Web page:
Money attracts more money. It’s no secret. It should come as no surprise then that the $4.1 trillion (yes, trillion) American healthcare industry is now in the crosshairs of the world’s largest and most profitable companies, each of whose stock is worth north of $1 trillion. Apple has its Apple Watch. Google has its Fitbit. And Amazon, besides aiming at healthcare retail, has Amazon Care, the clearest direct threat to smaller physician practices we’ve seen from this big-tech cohort.
During the summer of 2021, Amazon launched its nationwide telehealth platform for primary care services through an arrangement with Care Medical, itself a physician practice that will serve as Amazon’s own care team. Initial reports were uncertain as to whether Amazon planned to market this service for profit, or simply as an option for its ever-growing workforce of nearly 800,000 now.
Whenever a trillion-dollar behemoth moves into your territory, you must take notice and plan to react.
Amazon has a multi-pronged approach to healthcare with Amazon Care, focused on telehealth and home-based care. Amazon care not only enables employers to provide access to high-quality medical care within 60 seconds, without wait times, 24/7, 365 days a year, but it also aims to promote home-based care, utilizing technology to increase patient monitoring models for chronic and post-acute care management and on-demand medical professionals coming right to patients’ doors.
Amazon Care is being sold to employers as a supplementary workplace benefit, attached to existing health plans. Amazon is not an insurer (yet). But it aims to provide early and preventive medical care through on-demand virtual visits (in-person in some regions) and chat features to enrolled employees. This continues the trend of urgent care and telehealth amid major attempts to reduce hospital visits and admissions, thus effectively saving the entire medical system from further burdening already-stressed hospital capacity and wasting dollars. For employers facing constant increased premiums from their insurers, Amazon’s hope is to decrease costlier medical visits and eventually pass on savings to plans and employers. For those companies enrolled in high-deductible plans, Amazon’s cheaper model may result in less out-of-pocket payments. As more and more employees go remote, employers seeking to keep their employees healthy may find that Amazon Cares offers an attractive combination of speed, convenience, and personalization.
What’s more troubling for existing traditional physicians is Amazon leveraging its vast resources to outcompete them on quality and speed of care. On-demand medical attention at literally any time on any day will be difficult for any private practice to compete with. Amazon has the cash to play loss-leader in this market while it learns how to further disrupt it. Remember this is a company that started by selling books online and now is the country’s second-largest retailer, behind only Walmart. It certainly had bumps in the road to contend with, but it found its way. It might in healthcare as well.
Of course, Amazon isn’t alone in its endeavors to upend the traditionally-static healthcare industry. It’s seemingly another actor in the play, as services get delivered closer to home and with less delay. The days of sitting in waiting rooms for hours are numbered.
What’s a small provider to do? The overarching trend in the industry is clearly towards consolidation, which allows for leveraging pooled resources to combat the mega companies’ forays. Short of that though, embrace change, and learn from the competition. Everything is becoming digitized. Your practice needs to continue to evolve and ensure that it’s leveraging whatever technology it can to enhance patient experiences. Off-the-shelf software packages and cloud-based applications can plug into your electronic health records and provide unique and exciting features that your patients may respond well to. Up-to-date patient portals, virtual availability and visits, and extended hours are all ways to stay connected and increase patient engagement and loyalty. Affiliating with other groups to fill in gaps in service delivery helps as well. Relationships will always be important; obviously those with your patients are paramount, but with other providers as well. Partnering with urgent care facilities to tap into their extended hours may provide an avenue to keep patients that may have urgent needs. Leverage the technology that patients may be using in their daily lives as well. If they’re staring at their Apple Watches all day long, monitoring their steps, heart rates, EKG’s, etc., then develop care plans and describe to them what they should be aware of when self-monitoring. Encourage routine virtual check-ins to review their data and interpret it for them. Too many people self-diagnose or use Google searches to play doctor. Tap into your experience and knowledge base to keep your patients educated and informed, but still connected to and reliant on you. You need to differentiate yourself by staying close to your patients. The world is moving to healthcare built around patients, their life, and their schedules … you need to move with it. Lacking that differentiation, your patients will become low-hanging fruit for larger practices and the Amazons of the world.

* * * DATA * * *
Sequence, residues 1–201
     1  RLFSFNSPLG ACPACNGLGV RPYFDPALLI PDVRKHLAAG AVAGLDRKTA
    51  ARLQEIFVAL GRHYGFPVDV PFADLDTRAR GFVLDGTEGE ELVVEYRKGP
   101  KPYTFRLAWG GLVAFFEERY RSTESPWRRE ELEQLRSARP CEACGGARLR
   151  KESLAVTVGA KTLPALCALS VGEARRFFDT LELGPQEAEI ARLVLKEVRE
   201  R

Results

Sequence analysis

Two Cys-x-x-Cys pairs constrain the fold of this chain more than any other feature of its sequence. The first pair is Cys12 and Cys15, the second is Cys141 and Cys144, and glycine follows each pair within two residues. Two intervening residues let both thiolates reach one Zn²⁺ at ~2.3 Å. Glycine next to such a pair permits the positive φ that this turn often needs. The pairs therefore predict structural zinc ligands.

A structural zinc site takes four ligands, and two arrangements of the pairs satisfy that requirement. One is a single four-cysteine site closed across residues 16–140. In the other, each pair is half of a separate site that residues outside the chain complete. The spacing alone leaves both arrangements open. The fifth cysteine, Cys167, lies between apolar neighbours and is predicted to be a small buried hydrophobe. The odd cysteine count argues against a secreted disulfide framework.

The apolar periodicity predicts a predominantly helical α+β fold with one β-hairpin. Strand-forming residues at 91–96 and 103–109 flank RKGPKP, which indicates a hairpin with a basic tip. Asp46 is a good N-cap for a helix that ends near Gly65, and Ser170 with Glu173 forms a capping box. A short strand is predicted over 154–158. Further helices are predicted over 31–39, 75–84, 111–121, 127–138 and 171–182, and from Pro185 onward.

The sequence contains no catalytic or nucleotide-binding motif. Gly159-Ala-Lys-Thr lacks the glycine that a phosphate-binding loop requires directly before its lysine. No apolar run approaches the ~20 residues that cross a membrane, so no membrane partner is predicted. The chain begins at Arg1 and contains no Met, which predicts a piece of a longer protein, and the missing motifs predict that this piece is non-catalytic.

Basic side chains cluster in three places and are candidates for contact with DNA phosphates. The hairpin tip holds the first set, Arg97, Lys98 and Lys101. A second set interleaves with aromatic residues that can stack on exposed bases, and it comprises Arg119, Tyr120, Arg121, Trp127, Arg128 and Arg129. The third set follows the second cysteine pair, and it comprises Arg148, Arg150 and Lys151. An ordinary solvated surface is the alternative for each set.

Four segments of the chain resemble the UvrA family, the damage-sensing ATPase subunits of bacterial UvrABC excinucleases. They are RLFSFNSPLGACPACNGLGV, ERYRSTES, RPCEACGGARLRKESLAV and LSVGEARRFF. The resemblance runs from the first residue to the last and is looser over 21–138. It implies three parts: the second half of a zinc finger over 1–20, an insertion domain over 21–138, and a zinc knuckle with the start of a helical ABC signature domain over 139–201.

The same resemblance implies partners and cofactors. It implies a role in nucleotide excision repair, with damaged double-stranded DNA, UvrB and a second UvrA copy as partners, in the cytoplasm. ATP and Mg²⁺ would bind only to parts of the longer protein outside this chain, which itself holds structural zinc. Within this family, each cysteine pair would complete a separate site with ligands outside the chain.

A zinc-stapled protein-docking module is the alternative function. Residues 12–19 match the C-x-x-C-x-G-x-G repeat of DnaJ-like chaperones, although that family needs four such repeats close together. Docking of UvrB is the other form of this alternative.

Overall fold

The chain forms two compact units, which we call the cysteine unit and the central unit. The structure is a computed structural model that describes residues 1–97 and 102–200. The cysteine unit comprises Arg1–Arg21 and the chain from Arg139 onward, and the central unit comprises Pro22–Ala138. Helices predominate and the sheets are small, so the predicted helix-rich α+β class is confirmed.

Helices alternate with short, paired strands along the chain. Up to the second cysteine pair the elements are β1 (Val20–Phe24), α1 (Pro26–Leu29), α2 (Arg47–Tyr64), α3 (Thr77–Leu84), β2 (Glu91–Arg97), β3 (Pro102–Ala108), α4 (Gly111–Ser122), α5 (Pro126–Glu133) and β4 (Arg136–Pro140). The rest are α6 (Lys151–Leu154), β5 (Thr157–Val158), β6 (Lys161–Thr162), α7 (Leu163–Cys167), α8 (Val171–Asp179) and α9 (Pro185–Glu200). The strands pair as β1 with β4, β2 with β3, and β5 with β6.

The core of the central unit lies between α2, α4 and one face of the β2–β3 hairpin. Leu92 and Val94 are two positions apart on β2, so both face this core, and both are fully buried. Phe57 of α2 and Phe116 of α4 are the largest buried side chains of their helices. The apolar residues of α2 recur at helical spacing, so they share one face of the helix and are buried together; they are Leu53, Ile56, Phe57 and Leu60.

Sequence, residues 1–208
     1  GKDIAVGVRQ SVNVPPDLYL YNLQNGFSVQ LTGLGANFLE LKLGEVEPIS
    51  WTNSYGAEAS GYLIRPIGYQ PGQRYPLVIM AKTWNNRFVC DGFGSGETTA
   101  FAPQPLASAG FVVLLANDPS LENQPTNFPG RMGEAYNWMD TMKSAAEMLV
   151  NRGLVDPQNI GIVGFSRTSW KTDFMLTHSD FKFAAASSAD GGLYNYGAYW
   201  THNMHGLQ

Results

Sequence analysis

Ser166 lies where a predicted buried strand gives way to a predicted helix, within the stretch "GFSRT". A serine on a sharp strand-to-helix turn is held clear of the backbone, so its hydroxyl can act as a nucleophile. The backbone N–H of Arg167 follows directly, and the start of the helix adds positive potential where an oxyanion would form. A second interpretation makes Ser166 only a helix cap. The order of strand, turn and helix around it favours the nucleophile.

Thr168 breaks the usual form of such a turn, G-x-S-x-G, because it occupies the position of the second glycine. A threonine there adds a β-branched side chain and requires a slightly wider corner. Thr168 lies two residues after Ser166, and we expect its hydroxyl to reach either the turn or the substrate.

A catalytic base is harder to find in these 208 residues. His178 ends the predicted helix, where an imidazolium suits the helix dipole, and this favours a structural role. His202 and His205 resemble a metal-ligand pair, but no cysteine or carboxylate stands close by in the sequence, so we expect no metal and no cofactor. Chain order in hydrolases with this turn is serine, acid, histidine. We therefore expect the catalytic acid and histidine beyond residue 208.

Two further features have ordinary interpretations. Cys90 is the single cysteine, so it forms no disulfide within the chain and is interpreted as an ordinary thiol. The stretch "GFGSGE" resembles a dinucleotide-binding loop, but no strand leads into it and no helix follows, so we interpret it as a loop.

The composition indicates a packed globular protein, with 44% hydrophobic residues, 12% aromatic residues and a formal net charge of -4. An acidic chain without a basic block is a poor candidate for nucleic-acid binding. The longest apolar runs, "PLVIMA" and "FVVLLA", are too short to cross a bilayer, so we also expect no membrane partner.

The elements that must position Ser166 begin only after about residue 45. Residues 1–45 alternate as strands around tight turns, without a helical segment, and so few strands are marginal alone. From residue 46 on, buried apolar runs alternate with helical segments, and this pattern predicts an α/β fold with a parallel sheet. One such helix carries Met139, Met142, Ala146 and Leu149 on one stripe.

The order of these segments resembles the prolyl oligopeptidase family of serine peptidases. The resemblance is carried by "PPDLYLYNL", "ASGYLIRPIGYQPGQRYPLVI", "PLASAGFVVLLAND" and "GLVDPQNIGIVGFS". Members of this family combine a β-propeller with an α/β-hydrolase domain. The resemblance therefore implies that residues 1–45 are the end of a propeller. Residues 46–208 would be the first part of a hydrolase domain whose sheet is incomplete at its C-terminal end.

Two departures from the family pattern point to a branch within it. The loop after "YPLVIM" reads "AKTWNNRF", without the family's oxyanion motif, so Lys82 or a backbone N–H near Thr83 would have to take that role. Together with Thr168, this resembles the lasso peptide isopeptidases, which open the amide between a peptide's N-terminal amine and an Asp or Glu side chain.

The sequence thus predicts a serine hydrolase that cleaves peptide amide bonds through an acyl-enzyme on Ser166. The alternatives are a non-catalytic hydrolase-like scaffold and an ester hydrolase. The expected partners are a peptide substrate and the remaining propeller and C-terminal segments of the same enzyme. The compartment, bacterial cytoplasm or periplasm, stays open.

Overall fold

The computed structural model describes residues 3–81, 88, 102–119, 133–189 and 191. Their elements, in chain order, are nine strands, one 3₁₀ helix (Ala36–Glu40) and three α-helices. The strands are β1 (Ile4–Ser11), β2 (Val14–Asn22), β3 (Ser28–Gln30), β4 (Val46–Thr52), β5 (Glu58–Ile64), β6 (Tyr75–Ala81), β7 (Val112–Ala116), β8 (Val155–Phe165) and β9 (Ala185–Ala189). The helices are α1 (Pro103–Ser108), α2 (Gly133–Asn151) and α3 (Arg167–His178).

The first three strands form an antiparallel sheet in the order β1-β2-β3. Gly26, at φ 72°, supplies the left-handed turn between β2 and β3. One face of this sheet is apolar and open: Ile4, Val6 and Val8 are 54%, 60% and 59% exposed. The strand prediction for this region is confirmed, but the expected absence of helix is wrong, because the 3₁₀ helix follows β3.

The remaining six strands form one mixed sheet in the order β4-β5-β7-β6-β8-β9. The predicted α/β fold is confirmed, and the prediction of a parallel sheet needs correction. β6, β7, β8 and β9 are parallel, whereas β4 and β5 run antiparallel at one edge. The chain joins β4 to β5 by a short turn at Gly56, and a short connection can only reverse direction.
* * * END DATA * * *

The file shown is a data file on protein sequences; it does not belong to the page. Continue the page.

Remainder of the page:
Matthew Burke, CPA, CFE
Matt specializes in providing Cerini and Associates’ diverse array of midsized business clientele and nonprofit organizations with valuable consulting and assurance services. He prides himself on value-added, responsive, and innovative service to his clients; with a focus on forward-thinking and creative solutions. Matt joined the firm in 2002 and has years of experience with many types of complex accounting, auditing, compliance, and general business matters that impact entrepreneurial, established, and nonprofit businesses.